Porgy and Bess – review
Regent’s Park Open Air Theatre

Published: Monday, August 11, 2014 12:59 PM | Review by: Mike Scott-Harding |
Nicola Hughes as Bess and Rufus Bonds Jr as Porgy. Photo Johan Persson Nicola Hughes as Bess and Rufus Bonds Jr as Porgy. Photo Johan Persson

Whether singing, dancing, or acting, the cast is excellent. So much so that it almost doesn't seem fair to single anyone out.


It's both a blessing and a curse of The Gershwins' 'Porgy and Bess' that, nearly 80 years after it was first written and performed, it still stimulates debate as much for the colour of its creators' skin as for its musical content and character(isation). This adaptation deals with this issue by stripping (almost) everything away in order to let the piece speak for itself.


Regents Park Open Air Theatre (with its coliseum-like seating and lush foliage) seems, on the face of it, an incongruous setting for this American tale of love and death in 1930's South Carolina. As I join the predominately white, middle-class audience (tourists included) drifting in clutching glasses of Pimms and/or champagne to witness a 'black folk opera' (written by a two Russian Jews), I can't help but contemplate such concepts as 'contemporary relevance', and 'cultural misappropriation'. However, once the piece starts it's clear that here is a production, which, free from petty constraints can walk proud, committed and unafraid.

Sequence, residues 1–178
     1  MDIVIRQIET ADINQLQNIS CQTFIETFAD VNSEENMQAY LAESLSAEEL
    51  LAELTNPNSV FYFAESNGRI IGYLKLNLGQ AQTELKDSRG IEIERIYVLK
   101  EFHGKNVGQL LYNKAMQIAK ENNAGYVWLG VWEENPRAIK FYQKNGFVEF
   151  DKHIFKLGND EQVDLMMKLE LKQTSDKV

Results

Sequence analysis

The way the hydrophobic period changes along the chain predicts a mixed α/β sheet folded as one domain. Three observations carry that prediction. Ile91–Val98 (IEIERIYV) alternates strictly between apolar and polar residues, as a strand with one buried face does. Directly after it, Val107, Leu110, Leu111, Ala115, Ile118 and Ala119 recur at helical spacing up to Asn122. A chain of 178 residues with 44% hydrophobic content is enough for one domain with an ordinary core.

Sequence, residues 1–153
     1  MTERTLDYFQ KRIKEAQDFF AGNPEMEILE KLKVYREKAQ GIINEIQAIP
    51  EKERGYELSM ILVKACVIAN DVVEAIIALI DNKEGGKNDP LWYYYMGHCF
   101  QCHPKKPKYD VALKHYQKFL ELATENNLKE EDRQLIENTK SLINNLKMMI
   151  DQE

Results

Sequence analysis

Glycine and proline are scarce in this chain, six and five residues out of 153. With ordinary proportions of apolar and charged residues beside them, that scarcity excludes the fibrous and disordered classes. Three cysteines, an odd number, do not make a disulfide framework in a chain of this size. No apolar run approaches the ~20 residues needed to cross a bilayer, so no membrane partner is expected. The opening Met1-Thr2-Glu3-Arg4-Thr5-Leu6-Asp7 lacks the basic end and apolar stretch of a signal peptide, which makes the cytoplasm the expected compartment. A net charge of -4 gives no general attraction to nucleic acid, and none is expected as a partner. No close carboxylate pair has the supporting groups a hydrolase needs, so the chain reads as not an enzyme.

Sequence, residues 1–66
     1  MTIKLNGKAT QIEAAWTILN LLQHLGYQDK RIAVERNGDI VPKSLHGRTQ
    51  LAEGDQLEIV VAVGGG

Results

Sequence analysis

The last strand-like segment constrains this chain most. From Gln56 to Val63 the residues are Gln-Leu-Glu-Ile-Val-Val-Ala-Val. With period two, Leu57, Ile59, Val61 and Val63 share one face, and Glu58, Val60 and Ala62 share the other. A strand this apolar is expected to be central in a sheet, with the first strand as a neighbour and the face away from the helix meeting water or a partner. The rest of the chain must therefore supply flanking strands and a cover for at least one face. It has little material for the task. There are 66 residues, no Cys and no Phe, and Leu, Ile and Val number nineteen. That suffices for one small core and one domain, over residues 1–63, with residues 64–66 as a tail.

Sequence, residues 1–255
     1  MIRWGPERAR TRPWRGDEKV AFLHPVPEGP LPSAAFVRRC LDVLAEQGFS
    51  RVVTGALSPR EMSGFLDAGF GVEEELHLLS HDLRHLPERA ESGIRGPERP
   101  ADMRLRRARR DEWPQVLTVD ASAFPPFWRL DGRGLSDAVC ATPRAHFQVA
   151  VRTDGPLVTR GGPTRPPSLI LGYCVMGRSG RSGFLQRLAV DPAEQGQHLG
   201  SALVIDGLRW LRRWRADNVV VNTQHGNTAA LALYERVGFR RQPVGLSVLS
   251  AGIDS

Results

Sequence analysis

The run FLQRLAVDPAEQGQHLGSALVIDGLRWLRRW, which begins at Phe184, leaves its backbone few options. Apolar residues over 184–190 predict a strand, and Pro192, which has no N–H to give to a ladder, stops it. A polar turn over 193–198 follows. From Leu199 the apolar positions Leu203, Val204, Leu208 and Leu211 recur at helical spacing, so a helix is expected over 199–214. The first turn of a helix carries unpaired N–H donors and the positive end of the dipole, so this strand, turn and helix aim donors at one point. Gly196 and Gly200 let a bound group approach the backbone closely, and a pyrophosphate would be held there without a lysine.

At the start, the stage is bare, except for a chair adorned with a single red dress. Dressed only in her undergarments 'Bess' enters to claim it. Putting the article on, she has the tired air of a prostitute stripping for an old… old client. Indeed, Nicola Hughes imbues the donning of the garment with such exhausted self-loathing, it's almost as if we are witnessing a public suicide attempt and in some ways, we are. Thereafter, with help from the male chorus (and some 'happy dust'), she morphs into the community's 'good time gal' - dancing, shaking, cavorting, and snorting her way through 'Catfish row' - almost like she wished there were no tomorrow.


Through various songs and asides, we are introduced to the main members of the community: 'Clara', 'Jake' and their unnamed baby; mephistophelean 'Sporting life'; older couple 'Serena' and 'Robbins'; community matriarch 'Mariah'; bully (and Bess' de-facto man) 'Crown'; and last, but not least, the good natured cripple, 'Porgy'.